Department of Ceramics and Refractory Materials
Ceramics is regarded as one of the most culturally important materials of mankind. However, although the oldest ceramic found, the Venus of Dolne Vestoniče, was produced approximately 30,000 years ago, the development of ceramic materials is ongoing. The so-called "technical ceramics" can be divided into "refractory materials", "functional ceramics" and "structural ceramics". Ceramic materials can also be found in everyday use as "silicate ceramics", in combination with metals or plastics they also occur in the form of "composite materials".
Since its existence, the further development of technical ceramics has had a decisive influence on technical progress and the improvement of living standards: The availability of electricity in our households was only made possible by insulating electroporcelain, the production and use of acids and alkalis on a large scale by corrosion-resistant stoneware. The production of metals and glasses via melting processes can only be carried out using refractory ceramic materials.
Modern high-performance ceramics, whose category includes functional and structural ceramics, have defined mechanical, thermal, chemical, electronic and biological properties. They are indispensable in energy technology (fuel cells, heat exchangers), electrical engineering (housings, capacitors, microchip carriers, sensors, actuators, varistors, circuit breakers), as bioceramics in medical technology (hip joint prostheses, dental implants, bone substitutes), in the automotive sector (catalyst carriers, diesel soot filters, rocker arm linings, portliners, turbochargers, exhaust valves), production technology (cutting tools, abrasives) and mechanical engineering (plain bearings, piezo actuators).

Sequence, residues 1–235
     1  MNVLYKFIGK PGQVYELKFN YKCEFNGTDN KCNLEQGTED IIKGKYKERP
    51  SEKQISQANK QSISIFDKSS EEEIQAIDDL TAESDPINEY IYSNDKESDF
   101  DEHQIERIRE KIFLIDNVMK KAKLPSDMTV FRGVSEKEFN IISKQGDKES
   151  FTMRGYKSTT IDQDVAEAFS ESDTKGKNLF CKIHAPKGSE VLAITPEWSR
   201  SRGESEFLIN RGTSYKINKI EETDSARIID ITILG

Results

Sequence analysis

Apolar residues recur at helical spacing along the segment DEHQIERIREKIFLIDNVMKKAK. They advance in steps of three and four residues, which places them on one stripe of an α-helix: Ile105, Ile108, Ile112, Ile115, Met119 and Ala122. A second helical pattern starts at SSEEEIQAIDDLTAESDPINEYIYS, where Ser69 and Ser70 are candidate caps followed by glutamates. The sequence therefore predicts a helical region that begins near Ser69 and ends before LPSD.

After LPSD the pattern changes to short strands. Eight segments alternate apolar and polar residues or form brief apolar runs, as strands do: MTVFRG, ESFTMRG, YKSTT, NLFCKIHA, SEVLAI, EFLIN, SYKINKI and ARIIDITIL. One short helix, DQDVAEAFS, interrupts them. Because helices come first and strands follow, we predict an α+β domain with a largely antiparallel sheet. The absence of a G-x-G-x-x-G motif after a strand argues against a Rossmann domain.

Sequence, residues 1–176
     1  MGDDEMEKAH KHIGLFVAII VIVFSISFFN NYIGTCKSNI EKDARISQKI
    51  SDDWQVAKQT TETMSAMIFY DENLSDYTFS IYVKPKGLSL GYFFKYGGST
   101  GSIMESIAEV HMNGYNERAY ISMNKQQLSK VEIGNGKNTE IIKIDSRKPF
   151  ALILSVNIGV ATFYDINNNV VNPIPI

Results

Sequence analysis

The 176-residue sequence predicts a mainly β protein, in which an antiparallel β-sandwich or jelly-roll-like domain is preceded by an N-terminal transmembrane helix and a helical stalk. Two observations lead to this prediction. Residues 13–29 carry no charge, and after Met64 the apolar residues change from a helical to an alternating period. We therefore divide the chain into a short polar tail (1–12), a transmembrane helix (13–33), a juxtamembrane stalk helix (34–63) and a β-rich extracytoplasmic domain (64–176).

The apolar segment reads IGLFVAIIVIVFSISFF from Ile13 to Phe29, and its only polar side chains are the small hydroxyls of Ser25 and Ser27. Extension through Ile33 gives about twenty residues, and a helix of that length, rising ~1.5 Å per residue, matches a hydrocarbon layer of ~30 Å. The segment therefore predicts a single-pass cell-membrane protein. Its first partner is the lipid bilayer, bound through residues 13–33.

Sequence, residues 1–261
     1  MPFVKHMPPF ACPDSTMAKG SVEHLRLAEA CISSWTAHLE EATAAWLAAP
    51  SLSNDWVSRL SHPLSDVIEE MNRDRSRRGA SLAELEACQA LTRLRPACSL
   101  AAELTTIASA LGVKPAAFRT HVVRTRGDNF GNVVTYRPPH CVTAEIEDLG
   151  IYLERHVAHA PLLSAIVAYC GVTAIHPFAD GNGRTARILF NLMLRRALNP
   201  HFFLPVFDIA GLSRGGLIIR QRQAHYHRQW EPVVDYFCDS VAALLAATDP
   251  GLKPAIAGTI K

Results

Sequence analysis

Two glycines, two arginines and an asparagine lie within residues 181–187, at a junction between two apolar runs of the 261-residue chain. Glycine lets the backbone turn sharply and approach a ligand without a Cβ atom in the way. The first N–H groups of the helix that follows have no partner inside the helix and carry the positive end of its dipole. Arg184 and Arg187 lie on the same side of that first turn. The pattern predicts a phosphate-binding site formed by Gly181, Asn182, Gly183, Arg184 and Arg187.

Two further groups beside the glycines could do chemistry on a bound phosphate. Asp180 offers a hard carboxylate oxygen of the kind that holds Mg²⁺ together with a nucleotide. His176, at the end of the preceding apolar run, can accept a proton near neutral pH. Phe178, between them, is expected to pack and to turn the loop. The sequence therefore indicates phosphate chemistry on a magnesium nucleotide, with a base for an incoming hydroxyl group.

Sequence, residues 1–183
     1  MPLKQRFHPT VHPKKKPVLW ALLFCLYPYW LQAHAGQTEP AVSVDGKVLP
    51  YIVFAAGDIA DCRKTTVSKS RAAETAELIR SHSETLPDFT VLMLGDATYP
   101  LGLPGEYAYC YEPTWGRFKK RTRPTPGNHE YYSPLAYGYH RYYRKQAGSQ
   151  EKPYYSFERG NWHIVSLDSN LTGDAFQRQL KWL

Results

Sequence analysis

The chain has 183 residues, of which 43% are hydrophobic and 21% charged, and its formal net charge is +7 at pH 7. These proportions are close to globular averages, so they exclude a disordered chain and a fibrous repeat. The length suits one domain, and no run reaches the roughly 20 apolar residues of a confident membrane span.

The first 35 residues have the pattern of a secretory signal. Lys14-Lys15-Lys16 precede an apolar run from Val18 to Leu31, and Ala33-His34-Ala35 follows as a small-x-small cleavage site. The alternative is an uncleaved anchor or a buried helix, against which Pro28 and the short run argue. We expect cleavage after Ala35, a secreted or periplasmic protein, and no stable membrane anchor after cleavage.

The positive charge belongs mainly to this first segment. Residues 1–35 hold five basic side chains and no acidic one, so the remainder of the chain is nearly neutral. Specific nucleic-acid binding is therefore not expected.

By combining different materials, the aim is usually to optimize the mechanical properties. This is done in the case of ceramic materials in combination with plastics or metals. Such composite materials aim at a high stiffness, a sufficient high temperature resistance as well as a low specific component weight. Metal-ceramic or ceramic-ceramic fibre composites are of particular interest in the aerospace industry.
At the Institute of Mineral Engineering, the working groups Bioceramics,High Temperature Measurement and Thermodynamics, Mechanical Material Behaviour,Refractory Materials, Additive Manufacturing Processes, Non-Oxide Ceramics and Sol-Gel Coatings conduct research in various fields of ceramic materials. Both fundamental and application-related questions are investigated. We are at the disposal of cooperation partners with our interdisciplinary expertise.